[Laughs] It sounded great then…Well, I’ll tell you, I think what I was trying to get to, when I was young…I am sitting here with Jeff Davis, we were all young together at Chapel Hill in the 60s and we were all beginning then…and it was so easy for me not to know what I was doing, because I really didn’t know what I was doing, and I couldn’t know. But that was so necessary to writing in a serious way. I didn’t realize that at the time. But I do now, looking back. It isn’t that I was stupid or anything. I was just tumbling into this enterprise, into this work, this process, without any real foreknowledge of how to go about it. But that was what made those early works—the ones that do—work…as art, as literary art. And then as I grew older it became increasingly difficult for me to recreate in myself that state of not knowing what I was doing. But just as essential, nonetheless.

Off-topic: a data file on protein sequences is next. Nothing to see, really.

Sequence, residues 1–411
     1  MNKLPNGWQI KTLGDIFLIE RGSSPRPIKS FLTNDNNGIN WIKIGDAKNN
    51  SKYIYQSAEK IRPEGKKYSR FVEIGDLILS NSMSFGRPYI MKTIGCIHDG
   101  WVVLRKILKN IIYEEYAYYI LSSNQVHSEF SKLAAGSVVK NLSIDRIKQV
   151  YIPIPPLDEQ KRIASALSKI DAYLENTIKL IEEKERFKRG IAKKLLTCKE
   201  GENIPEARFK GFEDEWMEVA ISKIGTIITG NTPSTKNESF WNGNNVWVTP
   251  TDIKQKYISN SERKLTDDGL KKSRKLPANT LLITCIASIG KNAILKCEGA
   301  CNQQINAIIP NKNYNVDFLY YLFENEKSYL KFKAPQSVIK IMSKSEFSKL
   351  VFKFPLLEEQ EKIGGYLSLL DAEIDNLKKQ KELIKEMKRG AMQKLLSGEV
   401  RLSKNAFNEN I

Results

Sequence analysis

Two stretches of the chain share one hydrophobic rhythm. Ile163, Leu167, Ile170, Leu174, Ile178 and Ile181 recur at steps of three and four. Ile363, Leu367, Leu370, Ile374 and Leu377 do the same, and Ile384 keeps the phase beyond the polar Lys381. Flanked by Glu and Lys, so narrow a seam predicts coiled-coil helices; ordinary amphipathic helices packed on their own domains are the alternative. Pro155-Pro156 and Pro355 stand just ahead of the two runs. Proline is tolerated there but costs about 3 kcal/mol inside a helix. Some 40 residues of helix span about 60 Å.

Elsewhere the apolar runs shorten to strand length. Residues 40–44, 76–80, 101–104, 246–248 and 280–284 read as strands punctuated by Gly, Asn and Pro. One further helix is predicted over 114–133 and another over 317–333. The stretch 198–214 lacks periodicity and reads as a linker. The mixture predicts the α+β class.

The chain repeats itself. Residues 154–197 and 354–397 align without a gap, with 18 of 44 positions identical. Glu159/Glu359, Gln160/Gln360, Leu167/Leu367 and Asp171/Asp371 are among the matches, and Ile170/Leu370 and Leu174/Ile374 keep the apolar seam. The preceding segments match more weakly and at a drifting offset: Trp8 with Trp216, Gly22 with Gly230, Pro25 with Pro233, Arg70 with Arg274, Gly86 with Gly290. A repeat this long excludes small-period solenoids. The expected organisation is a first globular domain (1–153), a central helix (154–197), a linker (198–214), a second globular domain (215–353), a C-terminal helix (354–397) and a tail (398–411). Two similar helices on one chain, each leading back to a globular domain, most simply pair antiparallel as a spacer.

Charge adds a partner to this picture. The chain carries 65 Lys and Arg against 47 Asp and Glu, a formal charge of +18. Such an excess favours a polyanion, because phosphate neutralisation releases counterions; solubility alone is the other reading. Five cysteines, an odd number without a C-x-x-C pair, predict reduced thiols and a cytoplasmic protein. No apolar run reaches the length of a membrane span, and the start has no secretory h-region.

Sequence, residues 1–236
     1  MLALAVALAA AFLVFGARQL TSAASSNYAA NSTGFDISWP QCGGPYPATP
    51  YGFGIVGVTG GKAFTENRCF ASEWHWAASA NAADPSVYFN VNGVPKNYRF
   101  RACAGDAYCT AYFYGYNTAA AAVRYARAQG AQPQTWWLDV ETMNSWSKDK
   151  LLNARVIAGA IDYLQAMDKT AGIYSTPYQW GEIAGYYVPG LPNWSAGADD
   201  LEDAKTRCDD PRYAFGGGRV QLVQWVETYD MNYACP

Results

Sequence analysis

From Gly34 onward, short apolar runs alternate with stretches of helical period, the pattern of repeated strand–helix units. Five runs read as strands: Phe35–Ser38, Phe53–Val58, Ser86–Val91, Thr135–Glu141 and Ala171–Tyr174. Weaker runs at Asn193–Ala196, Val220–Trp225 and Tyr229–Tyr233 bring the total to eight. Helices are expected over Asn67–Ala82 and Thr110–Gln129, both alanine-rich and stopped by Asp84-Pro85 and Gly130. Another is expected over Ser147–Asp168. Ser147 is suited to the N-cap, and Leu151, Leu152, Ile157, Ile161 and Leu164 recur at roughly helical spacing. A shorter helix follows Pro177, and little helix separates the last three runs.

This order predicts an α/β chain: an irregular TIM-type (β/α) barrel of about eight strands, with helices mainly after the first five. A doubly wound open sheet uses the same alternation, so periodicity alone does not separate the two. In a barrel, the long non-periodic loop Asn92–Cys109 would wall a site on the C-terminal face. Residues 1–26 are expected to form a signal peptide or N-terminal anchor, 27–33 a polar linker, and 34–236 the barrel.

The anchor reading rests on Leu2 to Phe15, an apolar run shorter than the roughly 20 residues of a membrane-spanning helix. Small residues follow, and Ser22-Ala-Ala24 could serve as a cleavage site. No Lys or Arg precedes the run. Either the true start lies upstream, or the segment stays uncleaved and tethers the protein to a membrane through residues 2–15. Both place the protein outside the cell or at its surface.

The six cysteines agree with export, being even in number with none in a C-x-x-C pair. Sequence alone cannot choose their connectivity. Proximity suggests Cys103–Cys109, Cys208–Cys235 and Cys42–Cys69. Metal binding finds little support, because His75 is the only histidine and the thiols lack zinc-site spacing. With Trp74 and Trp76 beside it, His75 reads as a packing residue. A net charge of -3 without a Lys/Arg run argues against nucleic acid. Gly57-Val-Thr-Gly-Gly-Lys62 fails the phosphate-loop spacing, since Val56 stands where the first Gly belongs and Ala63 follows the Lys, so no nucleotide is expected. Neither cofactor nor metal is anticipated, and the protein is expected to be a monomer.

Now I’m seventy-two and I’ve got a list of books here and I can say, well, I can guess I know what to do if I’m going to write that kind of book….or rewrite that story I wrote twenty-five years ago, and so on. I think I can write it again. But if I do, that’s all it is, just a clone of an earlier work. It doesn’t penetrate any mystery. It just demonstrates mastery, and that’s a different thing altogether. And so as I’ve gotten older it’s gotten harder to not know what I’m doing. It’s the only difference between when I was writing when I was twenty-five years old and writing in my seventies now. I now have to play a complicated set of tricks on myself in order to reach that point where I don’t have a clue what I am doing. [Laughs.]



Sebastian MatthewsSebastian Matthews is the author of a memoir, In My Father’s Footsteps (W.W. Norton & Company, 2003), and two poetry collections: We Generous (Red Hen Press, 2007) and Miracle Day (Red Hen Press, 2012). Having recently completed a third book of poems, Matthews is hard at work on a novel. He graduated from The University of Michigan back in the early nineties, heart-broken that the Fab Five failed to win it all.


Join the Discussion

Literary Partners